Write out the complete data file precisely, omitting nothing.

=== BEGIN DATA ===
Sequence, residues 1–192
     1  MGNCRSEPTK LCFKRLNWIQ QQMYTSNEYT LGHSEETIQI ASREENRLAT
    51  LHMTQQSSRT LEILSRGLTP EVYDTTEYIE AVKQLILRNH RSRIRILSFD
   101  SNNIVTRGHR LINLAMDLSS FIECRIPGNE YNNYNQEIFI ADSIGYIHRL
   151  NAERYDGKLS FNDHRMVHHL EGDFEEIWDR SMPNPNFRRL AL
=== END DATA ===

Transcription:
Sequence, residues 1–192
     1  MGNCRSEPTK LCFKRLNWIQ QQMYTSNEYT LGHSEETIQI ASREENRLAT
    51  LHMTQQSSRT LEILSRGLTP EVYDTTEYIE AVKQLILRNH RSRIRILSFD
   101  SNNIVTRGHR LINLAMDLSS FIECRIPGNE YNNYNQEIFI ADSIGYIHRL
   151  NAERYDGKLS FNDHRMVHHL EGDFEEIWDR SMPNPNFRRL AL